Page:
How to rein in your working from home snack habit
Tight waistband, extra corona kilos and a feeling that your work from home snacking is out of control?
You're not alone. Many of my regular nutrition clients are reporting the same issues, so let's start the week right with my tips on blitzing your snacking habit.
A snack should be thought of as a "mini meal" - a mix of food that is substantial enough to keep you full and satisfied for at least a couple of hours.
Common snacks we grab such as muffins, biscuits, packets of crackers and chips are highly processed and full of carbohydrates that are digested relatively quickly. We are left unsatisfied, craving more sweet food and more likely to overeat in general. A predictable eating cycle, and soon enough a real habit.
Every time you boil the kettle, grab a coffee or even sit at the desk you are looking for something to eat.
Nutritionally, a well-balanced snack should contain 100-200 calories along with some protein and/or dietary fibre to slow digestion and keep you fuller for longer after eating.
This includes cheese and crackers, nuts and fruit, a protein based nut or snack bar.
Whether or not you need to snack is largely individual. For active people who eat breakfast early and are genuinely hungry midmorning, a snack may be warranted. For many others who do not eat breakfast until 8 or 9am, it is unlikely a snack is required prior to lunchtime.
For most people, the longest period of time in between meals is that between lunch and dinner, and as such a 3-4pm top up, if hunger is experienced, will help prevent late afternoon binge eating.
Very few of us genuinely need to snack after dinner, and as such if you must eat extra food throughout the evening, low calorie foods are best.
In an ideal world, we would eat when we are hungry and stop when we are full, but let's be honest, this is easier said than done, especially when you find yourself within easy reach of the fridge.
If you know you are guilty of mindless munching, knowing your lower calorie options is one way to help manage non-hungry snacking. Popcorn, herbal tea, piccolo coffees, berries, low calorie hot chocolates and verge sticks are all options that will satisfy your need to chew, minus too many extra calories.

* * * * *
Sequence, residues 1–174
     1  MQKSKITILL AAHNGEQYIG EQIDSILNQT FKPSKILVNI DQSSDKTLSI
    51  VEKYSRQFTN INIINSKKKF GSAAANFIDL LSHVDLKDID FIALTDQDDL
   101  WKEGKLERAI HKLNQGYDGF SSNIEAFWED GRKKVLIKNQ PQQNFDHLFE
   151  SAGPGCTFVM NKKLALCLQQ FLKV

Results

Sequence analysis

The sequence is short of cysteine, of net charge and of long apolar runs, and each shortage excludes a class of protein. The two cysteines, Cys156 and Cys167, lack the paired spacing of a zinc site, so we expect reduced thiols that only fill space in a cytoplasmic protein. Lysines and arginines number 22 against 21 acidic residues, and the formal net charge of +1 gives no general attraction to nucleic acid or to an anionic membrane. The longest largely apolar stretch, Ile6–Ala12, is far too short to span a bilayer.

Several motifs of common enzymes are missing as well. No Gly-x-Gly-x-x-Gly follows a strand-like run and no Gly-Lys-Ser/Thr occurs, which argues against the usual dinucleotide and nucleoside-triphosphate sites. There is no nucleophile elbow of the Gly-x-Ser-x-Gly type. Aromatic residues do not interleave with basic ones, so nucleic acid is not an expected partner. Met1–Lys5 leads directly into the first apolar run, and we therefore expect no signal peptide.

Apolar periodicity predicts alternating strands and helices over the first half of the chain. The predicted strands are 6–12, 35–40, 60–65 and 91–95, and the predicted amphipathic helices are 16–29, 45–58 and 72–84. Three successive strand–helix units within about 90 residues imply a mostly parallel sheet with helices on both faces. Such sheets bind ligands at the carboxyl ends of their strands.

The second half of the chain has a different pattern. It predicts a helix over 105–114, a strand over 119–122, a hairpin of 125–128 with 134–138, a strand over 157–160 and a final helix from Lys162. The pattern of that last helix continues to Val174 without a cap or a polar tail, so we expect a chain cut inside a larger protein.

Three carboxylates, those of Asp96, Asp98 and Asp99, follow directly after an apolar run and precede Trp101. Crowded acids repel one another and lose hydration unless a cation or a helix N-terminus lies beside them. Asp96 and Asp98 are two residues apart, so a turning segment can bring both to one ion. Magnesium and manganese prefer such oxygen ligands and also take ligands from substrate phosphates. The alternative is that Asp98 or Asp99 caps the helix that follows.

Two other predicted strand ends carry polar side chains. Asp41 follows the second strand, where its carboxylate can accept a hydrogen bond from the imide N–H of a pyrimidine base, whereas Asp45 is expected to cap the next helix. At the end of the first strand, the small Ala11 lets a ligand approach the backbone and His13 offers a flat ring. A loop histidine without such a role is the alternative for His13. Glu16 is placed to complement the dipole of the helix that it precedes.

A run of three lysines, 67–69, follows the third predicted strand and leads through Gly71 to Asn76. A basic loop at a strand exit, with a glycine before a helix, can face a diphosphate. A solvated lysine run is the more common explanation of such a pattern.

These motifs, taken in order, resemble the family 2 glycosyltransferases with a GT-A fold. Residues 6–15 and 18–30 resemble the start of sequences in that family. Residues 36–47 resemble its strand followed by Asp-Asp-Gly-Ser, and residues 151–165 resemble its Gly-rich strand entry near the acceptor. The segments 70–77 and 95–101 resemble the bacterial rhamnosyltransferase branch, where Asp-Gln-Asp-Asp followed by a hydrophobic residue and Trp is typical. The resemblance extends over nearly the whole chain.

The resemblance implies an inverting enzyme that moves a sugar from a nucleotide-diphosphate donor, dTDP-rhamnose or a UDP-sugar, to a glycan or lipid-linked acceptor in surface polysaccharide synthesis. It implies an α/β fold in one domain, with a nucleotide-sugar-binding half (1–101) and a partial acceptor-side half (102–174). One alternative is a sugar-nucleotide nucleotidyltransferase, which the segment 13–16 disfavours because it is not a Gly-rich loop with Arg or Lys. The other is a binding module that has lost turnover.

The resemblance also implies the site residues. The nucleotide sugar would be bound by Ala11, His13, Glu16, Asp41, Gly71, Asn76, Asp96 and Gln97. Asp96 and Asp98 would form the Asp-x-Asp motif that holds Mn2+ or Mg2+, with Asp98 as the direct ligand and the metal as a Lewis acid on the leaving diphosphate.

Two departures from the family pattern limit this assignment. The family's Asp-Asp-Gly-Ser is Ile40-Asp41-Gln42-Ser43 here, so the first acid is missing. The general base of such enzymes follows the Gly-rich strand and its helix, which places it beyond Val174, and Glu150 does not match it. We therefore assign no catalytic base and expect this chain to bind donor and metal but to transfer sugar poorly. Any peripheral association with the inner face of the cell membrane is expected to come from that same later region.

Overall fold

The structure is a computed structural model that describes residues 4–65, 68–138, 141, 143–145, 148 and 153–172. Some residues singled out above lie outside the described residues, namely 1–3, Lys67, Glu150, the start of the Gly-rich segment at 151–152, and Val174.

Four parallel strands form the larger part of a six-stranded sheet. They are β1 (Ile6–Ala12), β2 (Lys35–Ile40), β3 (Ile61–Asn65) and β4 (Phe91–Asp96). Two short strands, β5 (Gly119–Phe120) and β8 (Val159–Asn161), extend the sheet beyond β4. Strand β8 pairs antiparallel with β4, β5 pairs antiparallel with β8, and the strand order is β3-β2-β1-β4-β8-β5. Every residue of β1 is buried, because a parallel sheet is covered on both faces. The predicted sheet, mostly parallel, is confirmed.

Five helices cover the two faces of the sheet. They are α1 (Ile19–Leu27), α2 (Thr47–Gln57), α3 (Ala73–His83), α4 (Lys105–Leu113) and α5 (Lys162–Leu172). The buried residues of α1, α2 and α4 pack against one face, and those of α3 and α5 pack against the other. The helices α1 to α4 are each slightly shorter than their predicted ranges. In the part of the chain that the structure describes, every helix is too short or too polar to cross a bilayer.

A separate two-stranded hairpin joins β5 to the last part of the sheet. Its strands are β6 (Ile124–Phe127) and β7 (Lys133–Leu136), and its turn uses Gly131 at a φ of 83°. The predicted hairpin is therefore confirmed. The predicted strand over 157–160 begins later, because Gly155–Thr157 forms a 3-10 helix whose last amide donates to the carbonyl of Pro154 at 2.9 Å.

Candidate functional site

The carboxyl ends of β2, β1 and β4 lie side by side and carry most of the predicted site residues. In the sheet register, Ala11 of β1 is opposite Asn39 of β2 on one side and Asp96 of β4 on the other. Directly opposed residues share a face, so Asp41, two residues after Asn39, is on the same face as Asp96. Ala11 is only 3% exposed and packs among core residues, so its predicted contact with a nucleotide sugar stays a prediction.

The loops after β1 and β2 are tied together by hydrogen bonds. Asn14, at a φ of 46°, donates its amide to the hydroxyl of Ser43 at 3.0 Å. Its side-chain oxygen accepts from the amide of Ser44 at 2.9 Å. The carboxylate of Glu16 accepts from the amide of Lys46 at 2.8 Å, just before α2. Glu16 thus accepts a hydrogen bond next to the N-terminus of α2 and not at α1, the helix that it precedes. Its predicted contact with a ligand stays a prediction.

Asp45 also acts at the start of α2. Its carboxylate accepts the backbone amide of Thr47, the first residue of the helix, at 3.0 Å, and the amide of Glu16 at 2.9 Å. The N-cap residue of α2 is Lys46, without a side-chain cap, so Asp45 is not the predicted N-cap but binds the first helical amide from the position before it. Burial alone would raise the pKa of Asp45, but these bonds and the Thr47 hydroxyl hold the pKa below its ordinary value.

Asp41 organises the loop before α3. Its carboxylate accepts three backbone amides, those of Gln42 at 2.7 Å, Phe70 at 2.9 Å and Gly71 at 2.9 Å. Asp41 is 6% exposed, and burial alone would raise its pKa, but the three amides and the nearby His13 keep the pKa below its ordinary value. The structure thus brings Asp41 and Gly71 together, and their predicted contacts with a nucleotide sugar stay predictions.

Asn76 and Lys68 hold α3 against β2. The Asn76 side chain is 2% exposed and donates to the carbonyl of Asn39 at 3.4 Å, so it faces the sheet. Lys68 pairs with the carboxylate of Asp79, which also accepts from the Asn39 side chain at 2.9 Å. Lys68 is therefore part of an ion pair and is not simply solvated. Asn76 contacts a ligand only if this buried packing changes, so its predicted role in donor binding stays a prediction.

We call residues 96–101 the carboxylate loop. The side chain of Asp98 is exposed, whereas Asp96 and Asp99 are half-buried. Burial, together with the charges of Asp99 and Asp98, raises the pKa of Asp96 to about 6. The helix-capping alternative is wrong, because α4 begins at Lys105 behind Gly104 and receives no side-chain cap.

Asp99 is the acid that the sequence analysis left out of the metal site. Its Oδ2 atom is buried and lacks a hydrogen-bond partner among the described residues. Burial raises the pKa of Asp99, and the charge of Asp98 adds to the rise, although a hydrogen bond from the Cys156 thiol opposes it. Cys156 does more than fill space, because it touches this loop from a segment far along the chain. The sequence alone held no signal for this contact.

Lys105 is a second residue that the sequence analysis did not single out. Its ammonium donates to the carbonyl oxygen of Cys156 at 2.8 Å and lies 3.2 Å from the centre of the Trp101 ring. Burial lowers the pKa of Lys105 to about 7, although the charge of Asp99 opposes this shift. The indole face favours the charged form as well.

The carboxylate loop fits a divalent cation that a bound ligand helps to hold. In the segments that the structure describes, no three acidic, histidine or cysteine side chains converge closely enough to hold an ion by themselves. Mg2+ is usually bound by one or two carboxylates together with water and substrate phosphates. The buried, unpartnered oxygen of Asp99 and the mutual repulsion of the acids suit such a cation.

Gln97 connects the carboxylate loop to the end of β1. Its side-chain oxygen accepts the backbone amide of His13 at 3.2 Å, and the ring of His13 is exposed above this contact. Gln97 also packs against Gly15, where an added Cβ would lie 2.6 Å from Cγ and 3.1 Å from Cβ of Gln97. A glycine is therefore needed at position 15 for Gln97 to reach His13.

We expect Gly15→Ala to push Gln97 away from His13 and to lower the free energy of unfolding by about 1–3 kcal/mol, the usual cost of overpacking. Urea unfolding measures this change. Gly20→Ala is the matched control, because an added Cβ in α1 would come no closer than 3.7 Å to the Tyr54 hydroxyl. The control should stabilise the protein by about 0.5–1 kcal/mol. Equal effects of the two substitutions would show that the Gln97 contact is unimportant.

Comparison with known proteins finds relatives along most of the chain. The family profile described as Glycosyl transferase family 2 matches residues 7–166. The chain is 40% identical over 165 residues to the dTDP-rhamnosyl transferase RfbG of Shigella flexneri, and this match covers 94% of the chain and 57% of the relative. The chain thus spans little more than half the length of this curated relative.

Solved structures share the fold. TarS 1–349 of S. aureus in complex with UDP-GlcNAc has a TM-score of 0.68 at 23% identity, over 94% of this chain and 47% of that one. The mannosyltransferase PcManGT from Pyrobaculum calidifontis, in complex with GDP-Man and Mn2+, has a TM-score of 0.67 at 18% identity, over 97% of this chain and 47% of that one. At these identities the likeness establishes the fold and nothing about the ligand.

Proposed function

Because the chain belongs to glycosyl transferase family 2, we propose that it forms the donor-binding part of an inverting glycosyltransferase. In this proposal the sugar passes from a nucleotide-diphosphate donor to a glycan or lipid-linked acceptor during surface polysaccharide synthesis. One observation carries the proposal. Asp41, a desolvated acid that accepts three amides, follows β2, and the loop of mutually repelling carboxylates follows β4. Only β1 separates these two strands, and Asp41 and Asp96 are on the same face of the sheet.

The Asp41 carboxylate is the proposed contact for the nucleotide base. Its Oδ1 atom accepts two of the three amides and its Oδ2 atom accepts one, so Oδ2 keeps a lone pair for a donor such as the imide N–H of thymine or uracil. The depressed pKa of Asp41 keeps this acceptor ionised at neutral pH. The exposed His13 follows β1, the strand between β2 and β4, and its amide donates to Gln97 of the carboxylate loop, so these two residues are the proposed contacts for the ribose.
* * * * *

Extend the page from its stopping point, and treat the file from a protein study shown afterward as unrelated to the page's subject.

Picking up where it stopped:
Most importantly, if your goal is to reduce snacking, the key is to avoid keeping tempting foods in the home. It has been shown that one of the strongest predictors of discretionary or "extra" food consumption is availability. This means that if you keep biscuits, chocolates, lollies and other treats at home, you will eat them. So basically if you do not buy it, it is difficult to eat it and one of the easiest ways to control high calorie snacking.
ZUCCHINI & WALNUT BREAD
2 cups self-raising flour
1 tsp. Bicarbonate soda
2/3 cup brown/caster sugar
1/2 tsp. cinnamon
1 tsp. vanilla essence
2-3 zucchinis, grated
1/2 cup walnuts, chopped as preferred
1 cup low fat milk
1 tbsp. light olive oil
1. Line a loaf tin with baking paper.
2. Mix flour, bicarbonate of soda, sugar, cinnamon, grated zucchini and walnuts in a bowl then add the eggs, milk and oil.
3. Spoon into the loaf tin and bake at 180°C for 50-60 minutes until cooked through.
GREEN PEA HUMMUS WITH VEG
2 cups frozen peas
1 tbsp. tahini
1 garlic clove
1/4 tbsp. cumin
1 tbsp. mint
Juice of 1 lemon
Pinch of salt, to taste
4 cups of your preferred vegetables for serving (such as carrots, cucumber, green beans, red capsicum etc), cut into sticks.
1. In a saucepan of boiling water, blanch the peas.
2. Place the peas and all remaining ingredients into a food processor or blender and blend until smooth.
3. Serve a quarter of the hummus along with one cup of vegetables for an afternoon snack.
Go online to smartdaily.com.au for my delicious snack recipes.
Originally published as How to rein in your working from home snack habit